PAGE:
I Wonder If I Have Hit My Personal Limit as a CEO and Leader
CEOs are under constant pressure to have all the answers, fix what is wrong, and produce financial results in a highly competitive and quickly changing market environment. Furthermore, CEOs are expected to be role models for their organizations. These are very intense expectations. It’s no surprise that many CEOs wonder, "Am I cut out to do this job?" or, "Should I be in this role?" You have likely asked yourself these questions.

I Often Feel I Am Swimming in Water That Is Far Over My Head
Overwhelmed CEOs may wonder if they can do the job, but in many cases, they just need to better understand what their role should be. The natural tendency is to keep doing whatever made them successful in previous assignments, but the role of CEO is different from other roles.

I Might Not Have the Right Style or Personality to Be CEO
The media usually portrays CEOs to be highly driven, aggressive, bold, outspoken, and charismatic individuals. "If what those people say and do is required to be successful," you might say to yourself, "then I’m in big trouble." While style and personality contribute to success, there is no single "right" style, and personality is not the most important ingredient of success.

The Owner and/or Founder Should Be CEO, Right?
Not necessarily. The characteristics of effective leadership are not required to start or own a business. Very few entrepreneurs make it from start-up to Fortune 500 CEO.

Sound familiar? Read more in "Four Frustrations of a CEO."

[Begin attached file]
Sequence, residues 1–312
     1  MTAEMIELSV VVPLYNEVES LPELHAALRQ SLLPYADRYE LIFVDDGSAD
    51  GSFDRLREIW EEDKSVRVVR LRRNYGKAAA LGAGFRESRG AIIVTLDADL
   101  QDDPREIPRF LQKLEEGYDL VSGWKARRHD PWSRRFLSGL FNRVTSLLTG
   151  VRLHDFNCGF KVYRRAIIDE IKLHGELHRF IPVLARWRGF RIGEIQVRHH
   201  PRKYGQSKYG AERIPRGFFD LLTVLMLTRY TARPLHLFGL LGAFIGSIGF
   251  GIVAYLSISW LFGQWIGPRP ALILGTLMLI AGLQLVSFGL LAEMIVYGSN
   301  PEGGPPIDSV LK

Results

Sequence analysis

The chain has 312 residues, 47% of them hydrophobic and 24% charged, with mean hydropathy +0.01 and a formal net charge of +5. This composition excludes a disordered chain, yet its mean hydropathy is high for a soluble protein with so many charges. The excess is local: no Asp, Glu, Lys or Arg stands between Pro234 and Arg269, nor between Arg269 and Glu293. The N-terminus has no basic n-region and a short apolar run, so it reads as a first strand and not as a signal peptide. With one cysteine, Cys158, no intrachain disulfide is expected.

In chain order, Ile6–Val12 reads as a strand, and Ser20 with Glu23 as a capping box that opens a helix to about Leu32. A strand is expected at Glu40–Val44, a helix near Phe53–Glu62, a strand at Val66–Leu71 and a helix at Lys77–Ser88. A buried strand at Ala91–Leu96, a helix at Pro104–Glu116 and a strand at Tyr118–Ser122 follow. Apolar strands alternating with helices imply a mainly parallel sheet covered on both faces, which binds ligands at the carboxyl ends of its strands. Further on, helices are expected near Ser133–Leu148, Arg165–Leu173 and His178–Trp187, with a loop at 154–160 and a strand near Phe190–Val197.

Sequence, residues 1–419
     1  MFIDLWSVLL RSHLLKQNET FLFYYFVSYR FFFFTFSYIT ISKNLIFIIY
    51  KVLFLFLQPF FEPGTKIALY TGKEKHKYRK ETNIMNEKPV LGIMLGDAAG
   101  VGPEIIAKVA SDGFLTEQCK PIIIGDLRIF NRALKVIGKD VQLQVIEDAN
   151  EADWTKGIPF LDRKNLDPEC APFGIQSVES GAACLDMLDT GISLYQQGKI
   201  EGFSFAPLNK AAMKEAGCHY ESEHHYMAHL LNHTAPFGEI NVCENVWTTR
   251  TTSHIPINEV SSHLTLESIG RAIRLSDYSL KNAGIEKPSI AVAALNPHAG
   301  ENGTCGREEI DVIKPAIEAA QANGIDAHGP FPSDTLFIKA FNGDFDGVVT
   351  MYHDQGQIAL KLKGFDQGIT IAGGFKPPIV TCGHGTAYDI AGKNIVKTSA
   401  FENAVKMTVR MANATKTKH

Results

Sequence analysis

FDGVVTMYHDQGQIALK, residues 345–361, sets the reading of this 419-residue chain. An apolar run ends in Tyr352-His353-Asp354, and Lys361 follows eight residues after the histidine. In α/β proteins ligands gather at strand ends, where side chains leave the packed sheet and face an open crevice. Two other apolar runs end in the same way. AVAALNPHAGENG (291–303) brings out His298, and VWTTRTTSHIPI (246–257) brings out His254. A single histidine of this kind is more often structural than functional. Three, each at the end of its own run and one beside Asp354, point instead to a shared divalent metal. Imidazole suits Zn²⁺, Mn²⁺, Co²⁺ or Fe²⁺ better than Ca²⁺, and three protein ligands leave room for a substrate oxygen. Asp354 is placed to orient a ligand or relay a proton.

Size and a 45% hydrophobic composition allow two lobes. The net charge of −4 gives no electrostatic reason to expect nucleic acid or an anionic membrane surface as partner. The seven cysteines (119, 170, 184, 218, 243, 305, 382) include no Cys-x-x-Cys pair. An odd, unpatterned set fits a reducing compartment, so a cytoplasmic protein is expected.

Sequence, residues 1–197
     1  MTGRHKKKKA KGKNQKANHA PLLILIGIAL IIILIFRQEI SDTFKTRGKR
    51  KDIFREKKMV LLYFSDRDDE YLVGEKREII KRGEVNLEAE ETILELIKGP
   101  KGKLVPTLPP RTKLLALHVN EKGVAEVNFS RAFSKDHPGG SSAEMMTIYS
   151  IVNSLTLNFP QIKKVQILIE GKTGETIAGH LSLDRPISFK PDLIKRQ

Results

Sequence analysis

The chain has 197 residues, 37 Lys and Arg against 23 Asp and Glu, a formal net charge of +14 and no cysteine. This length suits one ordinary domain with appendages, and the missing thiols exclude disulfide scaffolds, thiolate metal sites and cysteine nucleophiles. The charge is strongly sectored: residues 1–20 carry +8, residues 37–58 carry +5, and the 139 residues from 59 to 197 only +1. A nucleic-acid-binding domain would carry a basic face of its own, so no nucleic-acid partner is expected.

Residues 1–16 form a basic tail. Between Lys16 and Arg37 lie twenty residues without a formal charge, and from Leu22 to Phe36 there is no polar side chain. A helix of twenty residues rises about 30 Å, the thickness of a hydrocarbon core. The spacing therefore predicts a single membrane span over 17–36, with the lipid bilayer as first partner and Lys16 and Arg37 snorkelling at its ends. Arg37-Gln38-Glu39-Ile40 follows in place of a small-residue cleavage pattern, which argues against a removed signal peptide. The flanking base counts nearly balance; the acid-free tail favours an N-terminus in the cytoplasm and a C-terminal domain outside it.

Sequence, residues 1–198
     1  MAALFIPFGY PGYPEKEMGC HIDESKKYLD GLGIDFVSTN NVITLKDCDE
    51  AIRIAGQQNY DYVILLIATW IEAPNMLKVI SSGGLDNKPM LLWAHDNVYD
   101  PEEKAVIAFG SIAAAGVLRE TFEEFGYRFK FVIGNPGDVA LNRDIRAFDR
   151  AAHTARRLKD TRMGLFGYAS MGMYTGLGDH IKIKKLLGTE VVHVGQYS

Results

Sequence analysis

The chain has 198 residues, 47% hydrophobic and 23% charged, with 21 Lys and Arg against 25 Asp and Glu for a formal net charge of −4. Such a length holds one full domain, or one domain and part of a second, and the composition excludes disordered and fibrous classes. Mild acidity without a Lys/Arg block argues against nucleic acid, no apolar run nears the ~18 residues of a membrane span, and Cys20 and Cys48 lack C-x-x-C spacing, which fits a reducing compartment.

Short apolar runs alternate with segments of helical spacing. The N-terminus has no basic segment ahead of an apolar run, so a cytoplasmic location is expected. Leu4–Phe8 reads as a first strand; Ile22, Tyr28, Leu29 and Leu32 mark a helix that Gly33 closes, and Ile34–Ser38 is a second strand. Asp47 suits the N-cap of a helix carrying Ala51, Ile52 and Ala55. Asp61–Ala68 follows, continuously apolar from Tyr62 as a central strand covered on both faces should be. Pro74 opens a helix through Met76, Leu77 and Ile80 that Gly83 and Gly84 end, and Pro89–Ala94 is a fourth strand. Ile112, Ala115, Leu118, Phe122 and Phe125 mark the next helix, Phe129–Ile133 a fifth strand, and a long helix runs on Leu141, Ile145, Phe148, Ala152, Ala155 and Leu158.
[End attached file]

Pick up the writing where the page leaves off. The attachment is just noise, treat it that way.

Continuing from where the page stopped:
How To Help These Issues Get Better
1. Develop the Habit of Continuous Learning
In the article “Why Entrepreneurs Don’t Scale,” John Hamm notes four reasons why entrepreneurs struggle to lead their organizations as they grow in size and complexity:

  • Excessive loyalty to comrades
  • Task orientation
  • Single-mindedness
  • Working in isolation

Hamm says those who scale successfully take deliberate steps to confront their own shortcomings. In other words, they learn.

2. Learn the Right Disciplines
Begin with the works of Jim Collins, Patrick Lencioni, and Verne Harnish. Teach the disciplines you learn to your executive team and continuously operate by them. Peter Drucker is also a wonderful source of business and leadership wisdom. For starters, read (and re-read often) his article, “What Makes an Effective Executive.”

3. Make Building a Strong Executive Team Your First Habit
This is the first discipline in Patrick Lencioni’s The Four Obsessions of An Extraordinary Executive, and our experience confirms its importance. The first step is finding the right people; the second step is helping them work together. Nothing has such a profound influence on the organization’s long-term performance.

4. Establish the CEO Role to Fit Your Style
Peter Drucker suggests asking two simple questions:

  1. What needs to be done?
  2. Knowing my strengths, what should my contribution be?

The answers will help you shape the CEO role to fit your style. If you’re troubled by famous "rock star" CEOs, remember the Level 5 Leader in Jim Collins’s Good to Great – one who blends personal humility with a strong passion for the organization’s success.

You may ultimately conclude that someone else is better suited for the CEO role. Acting on this brutal fact will ultimately benefit you and the organization. But give yourself some time to grow as a CEO before determining whether you fit.

Study these solutions in greater detail by reading "Four Frustrations of a CEO."

We Help CEOs With This Challenge by linking an experienced business advisor with a proven process, The CEO Advantage. One former entrepreneur/CEO commented that he would not have sold his business had he found The CEO Advantage earlier. He had felt he did not have the leadership capabilities and organizational structure to carry the business any further. This is an excellent example of how the right assistance at a critical time may help you reengage and rediscover the excitement of being a CEO. We will help you build a stronger executive team and implement disciplines that get results, and nothing does more for a CEO’s confidence than results!

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